R (on the application of Evans) v. Attorney General

Access to Information
Access to Justice

R (on the application of Evans) v. Attorney General [2014] EWCA Civ 254
England and Wales Court of Appeal

A journalist challenged the Attorney General’s decision to issue a certificate under the Freedom of Information Act and Environmental Information rules preventing disclosure of “advocacy correspondence” written by Prince Charles to government ministers.  Paras. 1, 3.  The information sought included “environmental information.”  In issuing the certificate, the Attorney General overrode a decision by the Upper Tribunal directing the correspondence to be disclosed.  Para. 3. 

The Freedom of Information Act allows the Attorney General to override certain decisions if he has “reasonable grounds” for doing so. In this case, the Attorney General’s reasonable grounds were that he had “formed the opinion that the Departments had been entitled to refuse the requests for disclosure.” Para. 19.  The Court of Appeal rejected this defense, noting that “reasonableness” in this context requires more than a mere disagreement with the decision of the tribunal; rather, it requires a material change in circumstances or a finding that the tribunal made a demonstrable flaw in law or fact.  Para. 37-39.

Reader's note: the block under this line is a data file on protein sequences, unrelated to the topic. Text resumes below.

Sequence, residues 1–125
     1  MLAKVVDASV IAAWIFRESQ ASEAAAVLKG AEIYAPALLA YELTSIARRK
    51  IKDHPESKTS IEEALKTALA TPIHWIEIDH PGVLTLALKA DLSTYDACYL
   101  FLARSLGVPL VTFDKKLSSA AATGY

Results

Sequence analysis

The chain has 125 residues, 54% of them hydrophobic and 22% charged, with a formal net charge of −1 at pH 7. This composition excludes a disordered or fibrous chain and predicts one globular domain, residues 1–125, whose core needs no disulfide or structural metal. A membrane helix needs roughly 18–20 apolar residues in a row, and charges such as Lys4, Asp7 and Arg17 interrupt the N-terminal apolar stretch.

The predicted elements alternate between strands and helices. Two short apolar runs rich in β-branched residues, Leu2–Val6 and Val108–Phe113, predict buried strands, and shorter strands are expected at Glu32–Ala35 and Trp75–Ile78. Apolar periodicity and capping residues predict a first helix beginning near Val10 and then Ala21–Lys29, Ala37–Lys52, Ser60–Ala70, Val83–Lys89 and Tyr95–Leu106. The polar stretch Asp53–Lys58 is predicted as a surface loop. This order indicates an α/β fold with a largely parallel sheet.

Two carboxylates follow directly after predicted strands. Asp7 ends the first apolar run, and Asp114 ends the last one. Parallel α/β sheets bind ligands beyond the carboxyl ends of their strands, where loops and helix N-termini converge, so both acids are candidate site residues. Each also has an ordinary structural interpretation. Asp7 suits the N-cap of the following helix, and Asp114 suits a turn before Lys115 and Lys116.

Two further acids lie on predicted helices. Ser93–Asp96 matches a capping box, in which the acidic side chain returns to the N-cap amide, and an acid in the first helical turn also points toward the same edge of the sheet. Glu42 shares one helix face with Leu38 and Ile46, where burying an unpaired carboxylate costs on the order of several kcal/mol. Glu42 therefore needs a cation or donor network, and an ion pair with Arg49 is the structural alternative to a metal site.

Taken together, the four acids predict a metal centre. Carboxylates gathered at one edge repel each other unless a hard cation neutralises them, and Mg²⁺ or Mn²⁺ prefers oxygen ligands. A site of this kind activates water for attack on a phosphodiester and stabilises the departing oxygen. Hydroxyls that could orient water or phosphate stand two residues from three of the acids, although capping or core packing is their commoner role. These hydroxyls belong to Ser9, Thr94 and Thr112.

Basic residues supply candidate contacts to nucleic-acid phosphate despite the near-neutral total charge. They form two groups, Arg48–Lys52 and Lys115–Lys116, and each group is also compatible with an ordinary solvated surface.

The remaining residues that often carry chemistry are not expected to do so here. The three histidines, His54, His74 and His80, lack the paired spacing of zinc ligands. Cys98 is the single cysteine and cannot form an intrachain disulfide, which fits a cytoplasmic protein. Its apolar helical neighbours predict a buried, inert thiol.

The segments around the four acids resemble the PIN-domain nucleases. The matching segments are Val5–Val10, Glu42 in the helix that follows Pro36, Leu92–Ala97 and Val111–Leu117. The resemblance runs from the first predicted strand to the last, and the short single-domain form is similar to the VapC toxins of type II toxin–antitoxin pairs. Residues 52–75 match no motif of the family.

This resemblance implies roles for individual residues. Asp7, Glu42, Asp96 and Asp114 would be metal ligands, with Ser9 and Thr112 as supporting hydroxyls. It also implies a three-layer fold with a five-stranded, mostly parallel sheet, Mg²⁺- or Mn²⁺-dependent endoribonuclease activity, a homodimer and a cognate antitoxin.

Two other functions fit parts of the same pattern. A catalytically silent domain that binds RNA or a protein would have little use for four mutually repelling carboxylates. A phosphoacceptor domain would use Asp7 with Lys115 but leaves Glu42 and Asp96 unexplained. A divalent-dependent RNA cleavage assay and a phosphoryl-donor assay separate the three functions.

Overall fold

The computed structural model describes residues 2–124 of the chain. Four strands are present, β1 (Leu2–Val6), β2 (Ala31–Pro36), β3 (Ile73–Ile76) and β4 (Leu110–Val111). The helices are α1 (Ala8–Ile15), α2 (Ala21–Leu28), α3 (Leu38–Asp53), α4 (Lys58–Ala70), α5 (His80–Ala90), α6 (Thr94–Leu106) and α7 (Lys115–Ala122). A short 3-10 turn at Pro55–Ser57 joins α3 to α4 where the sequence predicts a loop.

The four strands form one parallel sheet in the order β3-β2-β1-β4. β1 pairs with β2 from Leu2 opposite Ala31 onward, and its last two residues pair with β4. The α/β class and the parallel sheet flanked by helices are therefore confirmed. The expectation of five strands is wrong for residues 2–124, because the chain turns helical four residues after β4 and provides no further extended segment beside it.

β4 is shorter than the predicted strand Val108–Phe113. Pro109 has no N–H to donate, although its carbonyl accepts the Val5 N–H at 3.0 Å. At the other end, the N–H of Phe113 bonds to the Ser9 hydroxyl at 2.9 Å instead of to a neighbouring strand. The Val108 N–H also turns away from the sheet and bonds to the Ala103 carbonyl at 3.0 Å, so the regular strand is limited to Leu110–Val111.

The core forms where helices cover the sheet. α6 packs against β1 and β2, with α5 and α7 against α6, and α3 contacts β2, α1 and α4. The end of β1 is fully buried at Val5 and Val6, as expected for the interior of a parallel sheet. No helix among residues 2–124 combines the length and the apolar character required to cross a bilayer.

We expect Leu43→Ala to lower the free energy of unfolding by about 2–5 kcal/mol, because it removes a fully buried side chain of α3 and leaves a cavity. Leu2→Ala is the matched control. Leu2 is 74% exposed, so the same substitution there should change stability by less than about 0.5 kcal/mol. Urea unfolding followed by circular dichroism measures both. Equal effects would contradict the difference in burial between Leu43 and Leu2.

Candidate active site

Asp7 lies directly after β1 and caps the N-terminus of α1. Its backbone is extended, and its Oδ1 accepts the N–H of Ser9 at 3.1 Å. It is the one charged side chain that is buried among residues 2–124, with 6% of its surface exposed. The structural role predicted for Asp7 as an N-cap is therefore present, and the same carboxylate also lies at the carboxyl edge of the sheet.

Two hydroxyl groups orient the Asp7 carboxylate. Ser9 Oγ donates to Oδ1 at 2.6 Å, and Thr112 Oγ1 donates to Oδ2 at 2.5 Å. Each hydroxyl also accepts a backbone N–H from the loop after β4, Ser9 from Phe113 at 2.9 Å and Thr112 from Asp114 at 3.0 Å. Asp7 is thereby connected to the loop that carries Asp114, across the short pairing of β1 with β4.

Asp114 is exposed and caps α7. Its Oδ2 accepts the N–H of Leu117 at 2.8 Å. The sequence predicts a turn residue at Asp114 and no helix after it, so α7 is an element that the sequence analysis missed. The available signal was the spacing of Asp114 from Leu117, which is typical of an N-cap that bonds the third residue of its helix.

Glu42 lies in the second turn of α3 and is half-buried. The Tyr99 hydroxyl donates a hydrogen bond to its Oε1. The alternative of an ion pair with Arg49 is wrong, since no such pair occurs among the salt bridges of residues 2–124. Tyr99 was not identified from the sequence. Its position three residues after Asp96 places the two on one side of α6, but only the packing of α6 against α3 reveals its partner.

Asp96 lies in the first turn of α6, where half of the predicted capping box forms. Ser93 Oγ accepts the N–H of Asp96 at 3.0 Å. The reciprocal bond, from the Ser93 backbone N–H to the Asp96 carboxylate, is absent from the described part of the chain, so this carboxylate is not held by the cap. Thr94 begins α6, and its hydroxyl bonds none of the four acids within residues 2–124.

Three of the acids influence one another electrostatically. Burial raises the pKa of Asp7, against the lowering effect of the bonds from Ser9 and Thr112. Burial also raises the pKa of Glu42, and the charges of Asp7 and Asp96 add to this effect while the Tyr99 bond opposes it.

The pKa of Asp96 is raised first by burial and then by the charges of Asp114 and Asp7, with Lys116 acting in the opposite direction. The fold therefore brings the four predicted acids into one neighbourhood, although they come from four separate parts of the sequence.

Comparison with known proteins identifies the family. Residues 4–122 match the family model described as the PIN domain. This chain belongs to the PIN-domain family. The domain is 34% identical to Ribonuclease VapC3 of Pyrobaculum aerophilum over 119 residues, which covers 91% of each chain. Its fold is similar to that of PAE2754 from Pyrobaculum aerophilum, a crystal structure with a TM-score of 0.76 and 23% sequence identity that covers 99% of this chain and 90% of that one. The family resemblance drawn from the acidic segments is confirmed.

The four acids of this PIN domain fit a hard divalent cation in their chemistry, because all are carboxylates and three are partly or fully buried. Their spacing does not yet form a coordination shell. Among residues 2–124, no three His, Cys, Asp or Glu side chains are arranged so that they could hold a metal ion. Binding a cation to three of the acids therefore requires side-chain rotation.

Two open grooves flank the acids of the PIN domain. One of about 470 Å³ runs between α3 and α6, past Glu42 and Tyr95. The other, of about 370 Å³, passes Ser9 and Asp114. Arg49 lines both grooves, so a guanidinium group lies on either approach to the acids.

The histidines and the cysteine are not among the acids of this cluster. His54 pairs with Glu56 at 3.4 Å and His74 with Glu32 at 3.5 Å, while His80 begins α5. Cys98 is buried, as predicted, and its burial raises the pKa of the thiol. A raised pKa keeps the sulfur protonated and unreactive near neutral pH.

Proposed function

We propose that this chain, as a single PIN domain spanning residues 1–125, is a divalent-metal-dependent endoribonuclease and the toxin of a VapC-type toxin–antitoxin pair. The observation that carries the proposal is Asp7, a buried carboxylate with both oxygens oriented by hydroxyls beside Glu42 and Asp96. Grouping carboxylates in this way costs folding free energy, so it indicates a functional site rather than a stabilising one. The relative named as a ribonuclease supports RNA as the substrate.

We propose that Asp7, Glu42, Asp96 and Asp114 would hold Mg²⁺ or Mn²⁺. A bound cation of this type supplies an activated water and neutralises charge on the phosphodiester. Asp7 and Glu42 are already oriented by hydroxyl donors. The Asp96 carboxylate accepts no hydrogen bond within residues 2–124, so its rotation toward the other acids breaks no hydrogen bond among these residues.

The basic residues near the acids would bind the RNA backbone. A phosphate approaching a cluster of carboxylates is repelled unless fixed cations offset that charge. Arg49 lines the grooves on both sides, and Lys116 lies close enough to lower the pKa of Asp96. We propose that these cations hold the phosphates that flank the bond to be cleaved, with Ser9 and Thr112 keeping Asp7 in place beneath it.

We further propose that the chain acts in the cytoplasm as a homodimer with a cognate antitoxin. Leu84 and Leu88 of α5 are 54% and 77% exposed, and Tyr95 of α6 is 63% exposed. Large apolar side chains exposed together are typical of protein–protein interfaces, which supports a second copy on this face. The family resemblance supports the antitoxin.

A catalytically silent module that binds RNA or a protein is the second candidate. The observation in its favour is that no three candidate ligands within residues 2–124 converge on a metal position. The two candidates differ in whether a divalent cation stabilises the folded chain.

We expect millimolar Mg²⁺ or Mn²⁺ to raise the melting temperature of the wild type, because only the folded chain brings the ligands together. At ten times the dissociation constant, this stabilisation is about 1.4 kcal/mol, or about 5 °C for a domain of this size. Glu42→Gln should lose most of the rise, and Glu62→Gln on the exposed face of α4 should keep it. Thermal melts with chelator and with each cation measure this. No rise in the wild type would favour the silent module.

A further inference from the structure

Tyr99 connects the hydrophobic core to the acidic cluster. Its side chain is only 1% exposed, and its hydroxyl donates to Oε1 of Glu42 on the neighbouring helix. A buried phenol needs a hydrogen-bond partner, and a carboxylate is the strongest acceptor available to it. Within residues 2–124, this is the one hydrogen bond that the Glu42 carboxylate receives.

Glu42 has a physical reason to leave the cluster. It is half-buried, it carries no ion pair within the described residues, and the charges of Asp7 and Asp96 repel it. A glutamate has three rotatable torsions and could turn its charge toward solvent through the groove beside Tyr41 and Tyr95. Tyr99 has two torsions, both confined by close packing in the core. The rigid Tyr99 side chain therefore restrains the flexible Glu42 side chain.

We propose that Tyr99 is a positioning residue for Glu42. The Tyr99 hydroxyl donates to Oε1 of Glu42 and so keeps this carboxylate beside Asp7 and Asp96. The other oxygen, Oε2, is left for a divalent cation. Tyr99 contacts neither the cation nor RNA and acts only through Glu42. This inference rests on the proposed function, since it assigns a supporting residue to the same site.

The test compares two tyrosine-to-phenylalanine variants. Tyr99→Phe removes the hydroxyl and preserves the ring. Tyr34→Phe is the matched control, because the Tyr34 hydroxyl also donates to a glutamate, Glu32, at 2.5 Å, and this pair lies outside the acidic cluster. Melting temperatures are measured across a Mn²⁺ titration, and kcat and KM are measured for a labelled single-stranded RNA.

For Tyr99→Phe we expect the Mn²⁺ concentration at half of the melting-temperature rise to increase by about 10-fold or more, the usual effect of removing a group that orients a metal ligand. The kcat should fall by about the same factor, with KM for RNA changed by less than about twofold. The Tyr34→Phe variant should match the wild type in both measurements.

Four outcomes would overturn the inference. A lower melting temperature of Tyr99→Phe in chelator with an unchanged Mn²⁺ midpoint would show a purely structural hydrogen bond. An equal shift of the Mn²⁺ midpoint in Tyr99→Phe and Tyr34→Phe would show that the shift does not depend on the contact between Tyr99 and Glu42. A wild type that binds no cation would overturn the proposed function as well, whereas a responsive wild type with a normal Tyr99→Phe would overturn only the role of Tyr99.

The Court went on to consider whether the provisions of the Freedom of Information Act invoked by the Attorney General were consistent with the EU Environmental Information Directive.  It concluded that use of the veto to overrule a tribunal’s decision violated the Directive because it denied the petitioner access to an independent and impartial body established by law in which the acts or omissions of the public authority can be reviewed and resolved in a final and binding decision.  The Court declared: “A judicial review of the certificate of an accountable person is substantively different from a review by a court or other independent body of the acts or omissions of ‘the public body concerned.’” Para. 55.  Conferring the authority to the Attorney General to override decisions of an administrative tribunal means that decision ceases to be final and binding.  Para. 56. 

For those reasons the Attorney General’s certificate was quashed.  Para. 81.